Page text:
Is TV paying too much attention to fans?
The Net is bringing writers and fans closer, but there are perils in that proximity.
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Once it became clear to the showrunners that Derpy was becoming a phenomenon, they played along. "We thought, you know what, maybe we can see this person again," says Mr. Thiessen. "It was a fun little nod to how the fans had reacted to her."Skip to next paragraph
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Derpy became a sort of "Where's Waldo?" character, showing up in background scenes in the second half of the first season and onward. None of her appearances were scripted; they were gags inserted during the process of creating storyboards or animation for the episodes. But in the episode "The Last Roundup," Derpy made her big debut with speaking lines, completing her transition from fan meme to a full-fledged character.
Thiessen cautions that fans shouldn't make too much of Derpy's appearance. "It was a one-time thing because it was a spot where it seemed it would work." He believes that fans spend a lot of time searching for hidden meanings, especially in background characters. "The fans read into things that I never would have [seen] coming."
Relating so closely with the fans can have its perils, as well. Soon after the "The Last Roundup" ran, some fans who claimed to represent the disabled community began to complain that Derpy was a negative stereotype of individuals with mental disabilities. Hasbro responded by editing the episode to change the voice and remove the name, which then led to a huge backlash from the fan community.
Hasbro explained in an official statement: "Some viewers felt that aspects of the episode 'The Last Roundup' did not stay true to the core message of friendship which is the heart and soul of the series. Hasbro Studios decided to make slight audio alterations to this single episode."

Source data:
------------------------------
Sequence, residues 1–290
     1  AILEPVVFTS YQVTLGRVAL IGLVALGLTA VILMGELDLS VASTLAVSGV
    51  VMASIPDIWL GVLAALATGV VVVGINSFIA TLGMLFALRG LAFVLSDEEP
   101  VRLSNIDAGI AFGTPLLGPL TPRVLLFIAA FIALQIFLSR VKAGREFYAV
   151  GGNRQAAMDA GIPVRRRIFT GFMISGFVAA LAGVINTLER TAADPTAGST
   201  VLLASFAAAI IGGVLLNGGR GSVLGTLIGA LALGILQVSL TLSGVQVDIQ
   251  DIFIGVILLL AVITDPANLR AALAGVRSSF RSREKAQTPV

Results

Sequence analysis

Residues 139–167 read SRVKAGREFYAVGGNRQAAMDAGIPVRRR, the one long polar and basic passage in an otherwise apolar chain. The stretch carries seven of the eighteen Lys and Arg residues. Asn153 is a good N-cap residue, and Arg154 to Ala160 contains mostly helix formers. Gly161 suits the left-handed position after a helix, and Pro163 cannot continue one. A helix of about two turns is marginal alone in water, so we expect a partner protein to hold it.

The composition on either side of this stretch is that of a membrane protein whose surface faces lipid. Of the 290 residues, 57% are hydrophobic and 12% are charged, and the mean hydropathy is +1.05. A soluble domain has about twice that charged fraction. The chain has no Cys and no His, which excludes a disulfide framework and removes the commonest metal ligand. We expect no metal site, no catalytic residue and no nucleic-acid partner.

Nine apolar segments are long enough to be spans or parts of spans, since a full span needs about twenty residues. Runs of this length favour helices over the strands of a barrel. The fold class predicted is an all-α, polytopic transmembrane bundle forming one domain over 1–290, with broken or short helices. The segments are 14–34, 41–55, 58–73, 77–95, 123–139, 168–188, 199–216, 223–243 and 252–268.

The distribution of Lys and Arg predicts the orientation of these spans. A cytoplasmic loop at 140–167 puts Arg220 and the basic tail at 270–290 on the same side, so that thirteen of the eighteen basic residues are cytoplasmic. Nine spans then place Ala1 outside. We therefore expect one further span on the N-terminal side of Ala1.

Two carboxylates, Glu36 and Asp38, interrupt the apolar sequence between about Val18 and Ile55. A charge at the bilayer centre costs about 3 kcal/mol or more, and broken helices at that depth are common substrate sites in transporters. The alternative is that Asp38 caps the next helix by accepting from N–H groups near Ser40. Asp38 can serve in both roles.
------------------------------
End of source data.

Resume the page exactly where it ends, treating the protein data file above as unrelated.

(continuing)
In the future, the line between commercial production and fan-created content may blur, especially for a show like "My Little Pony," where the production tools, such as Adobe Flash, are readily available. Thiessen says that he has seen fan-created content that approaches the level of quality seen in the show, and is intrigued by the idea of shows crowdsourcing part of their production. "It's so new that it's kind of unprecedented. So who knows?"
Another enticing idea is that fans might directly fund shows. Buchanan notes that when "Firefly" was canceled, some fans made serious inquiries about continuing it as an audience-funded program, although the logistics didn't pan out. Thiessen has also considered crowdfunding for private projects. "But the budgets for these shows are so high," he says. "I think that you might be able to get a short film, but not a series."
For fans who want more say in the direction that a show takes, paying for it themselves would have one big advantage, Klemmer says. "If fans were putting in the money, they're no different than Warner Bros. I'd take a notes call [where the studio funding a show gives its input on a script] for a fan-funded show. That's the way it works."